The Despair of Schubert – an alluring title for a program of solo piano works – was a poignant and thought-provoking performance where we shared comparative depths of our COVID frustration with the human despair that overcame many composers. In the featured, final work by Schubert, we would share his time of uncertainty, frustration with political society, resignation, depression and his concern for illness and death among family and friends, while still seeking strength in the beauty and power of musical composition. We can relate to that. Having borne the brunt of having many national concerts and Festival performances cancelled, Kristian Chong aptly chose significant works of darkness and despair, with music reflecting our own lockdown emotional journey. This was a beautifully curated and presented performance. We know Chong presents ABC radio programs with an authoritative, warm and mellifluous tone, and we welcomed his opening presentation and post concert interview with Chris Howlett, that added to his warm and personal connection with the audience. Plus, we received an extra bonus of professional and concise programme notes.
Alexander Siloti (1863-1945), a most distinguished conductor and pianist, was part of the virtuosic piano age, writing over 200 arrangements and transcriptions of existing works, in particular the music of J. S. Bach. The Andante from Violin Sonata No 3 BWV 1003 perfectly allowed Chong to show much introspection and sensitivity for Bach’s refined, powerful, and quite lyrical melody. More like a vocal line, calm and sedate lines were given a prominent romantic voice supported by sensuous, almost modern chordal textures. Phrases were delicate and timeless, and we held our breath in the closing bar as a lingering fragile trill slowed, then paused to allow a single and profound bass note echo in the bottom of our hearts.
Chong described a favourite piece – Rachmaninoff’sPrelude in D, Op 23 No 4 – as “uncharacteristically unmelancholic”. The strong, soul-stirring melody, mostly in the inner and middle voice never faltered to lead with a confident, unquestioning forward pulse. A flowing regular tempo was calming, almost as a hypnotic lullaby, and we felt and shared the performer’s love for this piece. Surging passionate and expansive chords rose easily to the heights of fff dynamics, just as quickly and smoothly falling and rising again through shifting dynamics, diminishing to a final silence, then a pianissimo sigh. In quiet COVID moments, this piece summed up the beauty and resilience of music – a true “essential service”.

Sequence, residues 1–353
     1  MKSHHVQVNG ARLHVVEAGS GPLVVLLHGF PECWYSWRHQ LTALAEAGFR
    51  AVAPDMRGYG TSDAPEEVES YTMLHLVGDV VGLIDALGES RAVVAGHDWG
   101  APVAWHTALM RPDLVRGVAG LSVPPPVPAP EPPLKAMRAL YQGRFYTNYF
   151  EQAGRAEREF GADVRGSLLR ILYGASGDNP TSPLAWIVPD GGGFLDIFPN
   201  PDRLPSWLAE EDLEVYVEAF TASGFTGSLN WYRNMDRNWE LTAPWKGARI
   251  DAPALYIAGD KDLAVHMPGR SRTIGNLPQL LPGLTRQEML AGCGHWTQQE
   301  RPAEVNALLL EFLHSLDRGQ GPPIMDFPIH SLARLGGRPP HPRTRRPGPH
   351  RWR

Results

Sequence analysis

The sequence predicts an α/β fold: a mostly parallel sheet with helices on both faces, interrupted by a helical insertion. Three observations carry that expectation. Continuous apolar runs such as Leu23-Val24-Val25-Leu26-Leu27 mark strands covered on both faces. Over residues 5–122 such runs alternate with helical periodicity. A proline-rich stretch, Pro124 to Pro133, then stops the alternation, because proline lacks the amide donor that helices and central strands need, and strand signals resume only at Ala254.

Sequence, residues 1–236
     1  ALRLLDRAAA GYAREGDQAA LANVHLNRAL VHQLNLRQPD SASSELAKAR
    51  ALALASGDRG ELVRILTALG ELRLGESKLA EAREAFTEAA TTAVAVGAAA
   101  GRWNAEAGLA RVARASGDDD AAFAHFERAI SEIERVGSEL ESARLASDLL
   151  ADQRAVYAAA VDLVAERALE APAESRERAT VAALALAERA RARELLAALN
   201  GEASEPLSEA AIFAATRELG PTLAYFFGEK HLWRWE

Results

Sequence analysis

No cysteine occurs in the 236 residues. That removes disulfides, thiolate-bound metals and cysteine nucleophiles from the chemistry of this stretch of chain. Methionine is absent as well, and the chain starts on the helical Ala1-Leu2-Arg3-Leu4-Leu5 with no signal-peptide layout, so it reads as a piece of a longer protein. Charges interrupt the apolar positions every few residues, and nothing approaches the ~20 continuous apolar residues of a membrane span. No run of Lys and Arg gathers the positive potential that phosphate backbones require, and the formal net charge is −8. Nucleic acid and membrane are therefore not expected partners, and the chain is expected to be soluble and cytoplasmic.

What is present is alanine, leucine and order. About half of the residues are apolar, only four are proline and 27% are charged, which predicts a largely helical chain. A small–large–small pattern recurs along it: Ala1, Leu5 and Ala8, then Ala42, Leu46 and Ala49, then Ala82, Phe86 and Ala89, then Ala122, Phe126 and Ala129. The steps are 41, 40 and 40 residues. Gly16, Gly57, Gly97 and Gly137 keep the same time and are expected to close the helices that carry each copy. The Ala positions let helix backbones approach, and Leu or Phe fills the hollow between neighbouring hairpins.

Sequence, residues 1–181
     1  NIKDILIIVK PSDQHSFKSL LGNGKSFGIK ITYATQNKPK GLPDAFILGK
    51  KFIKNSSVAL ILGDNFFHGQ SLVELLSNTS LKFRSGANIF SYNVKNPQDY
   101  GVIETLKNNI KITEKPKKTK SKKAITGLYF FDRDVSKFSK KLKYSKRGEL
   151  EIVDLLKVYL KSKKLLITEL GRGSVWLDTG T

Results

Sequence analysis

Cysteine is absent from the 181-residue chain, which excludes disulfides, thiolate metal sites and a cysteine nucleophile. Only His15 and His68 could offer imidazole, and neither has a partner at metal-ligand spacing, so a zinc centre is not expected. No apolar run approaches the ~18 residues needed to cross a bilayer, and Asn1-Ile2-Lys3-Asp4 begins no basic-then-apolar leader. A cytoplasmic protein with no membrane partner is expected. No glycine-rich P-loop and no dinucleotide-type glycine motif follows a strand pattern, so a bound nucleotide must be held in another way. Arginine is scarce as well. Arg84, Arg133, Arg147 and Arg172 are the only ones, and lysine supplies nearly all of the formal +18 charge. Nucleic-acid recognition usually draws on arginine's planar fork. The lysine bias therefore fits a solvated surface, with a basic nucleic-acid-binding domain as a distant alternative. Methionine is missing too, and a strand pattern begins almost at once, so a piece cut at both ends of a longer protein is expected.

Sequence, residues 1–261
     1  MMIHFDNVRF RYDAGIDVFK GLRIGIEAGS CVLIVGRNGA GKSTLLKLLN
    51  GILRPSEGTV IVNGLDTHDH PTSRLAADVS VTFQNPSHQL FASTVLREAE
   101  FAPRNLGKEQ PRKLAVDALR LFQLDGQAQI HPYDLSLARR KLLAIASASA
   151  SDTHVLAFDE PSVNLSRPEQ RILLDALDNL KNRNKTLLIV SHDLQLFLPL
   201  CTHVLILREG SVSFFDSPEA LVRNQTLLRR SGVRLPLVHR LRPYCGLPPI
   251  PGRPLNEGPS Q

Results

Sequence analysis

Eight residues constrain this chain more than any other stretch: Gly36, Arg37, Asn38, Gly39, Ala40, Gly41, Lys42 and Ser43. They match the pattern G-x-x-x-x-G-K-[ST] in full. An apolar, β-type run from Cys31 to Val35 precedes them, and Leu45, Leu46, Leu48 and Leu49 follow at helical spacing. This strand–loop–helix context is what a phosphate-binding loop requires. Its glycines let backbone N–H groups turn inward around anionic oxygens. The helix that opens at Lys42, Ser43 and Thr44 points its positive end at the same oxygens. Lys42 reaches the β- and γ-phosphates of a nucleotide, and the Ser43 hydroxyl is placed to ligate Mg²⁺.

Completing this trio of opening works, significantly all written in the “bright” D major key, Chong performed Calvin Bowman’s Chorale Prelude No 7 (2021) – Wie schön leuchtet der Morgenstern (How Beautifully Shines the Morning Star) – the last of his set of seven pieces. Described by Chong as having “nostalgic tinges- of folk songs and Christmas festivities perhaps”, the piece allowed him to explore a breadth of dynamics and colourful, lightly percussive sounds across the full keyboard. Both hands took to the uppermost keys to express the opening bell-like theme over a rippling and iridescent accompaniment, expanding quickly into a more powerful chordal setting with rich cascading patterns. This assertiveness evaporated in the sunshine as the music eased, returning to the opening theme of celestial peace and harmony.
Through this pandemic, our optimistic plans are frequently short-lived. From major key to minor key. Traditionally known as the key of drama, passion, pathos and pain, C minor was chosen by Mozart for one of his darkest works – Fantasia in C minor, K475. Chong invited us to respond with our own fantasies, visions and dreams, and enjoy Mozart in possibly his least optimistic piano work. Always showing precise and fine technical execution, Chong contrasted key areas and mood changes with distinctive colours and precise detail.
Paradoxically, the featured work, which signalled the high point of this program, was the one to take us to the greatest depths – Schubert’s Sonata in A minor, D784 – a most timely composition connecting us with the despair, desolation and frustration of Schubert’s resignation to illness and early end of life. Kristian Chong is remarkable for his honesty in recognising and expressing the extreme emotions of this rarely performed work, balancing stark and sombre moments with passionate and surprising key modulations with bursts of tension and frustration, leading to resignation, not resolution. Schubert’s score shows deceptively light scoring, yet in the closing exhausting statements, Chong produced a heightened sensitivity, feeling the wistful, almost breathless sighs of the last waltz, before abruptly exploding into a furious declamation of assertive scales and four angry chords of finality.
If it is true that in Mozart’s last years, the only audience was himself and silence, and Bach too played to himself in an empty church, how despairing it must be for Melbourne’s leading musicians to give their all in venues with no audience. How special it was to share this passionate recital, with wonderful livestream camera work capturing and connecting us with Kristian Chong’s highly expressive performance.
Julie McErlain reviewed Kristian Chong’s piano recital, The Despair of Schubert, live-streamed by Melbourne Digital Concert Hall from the Athenaeum Theatre on October 6, 2021.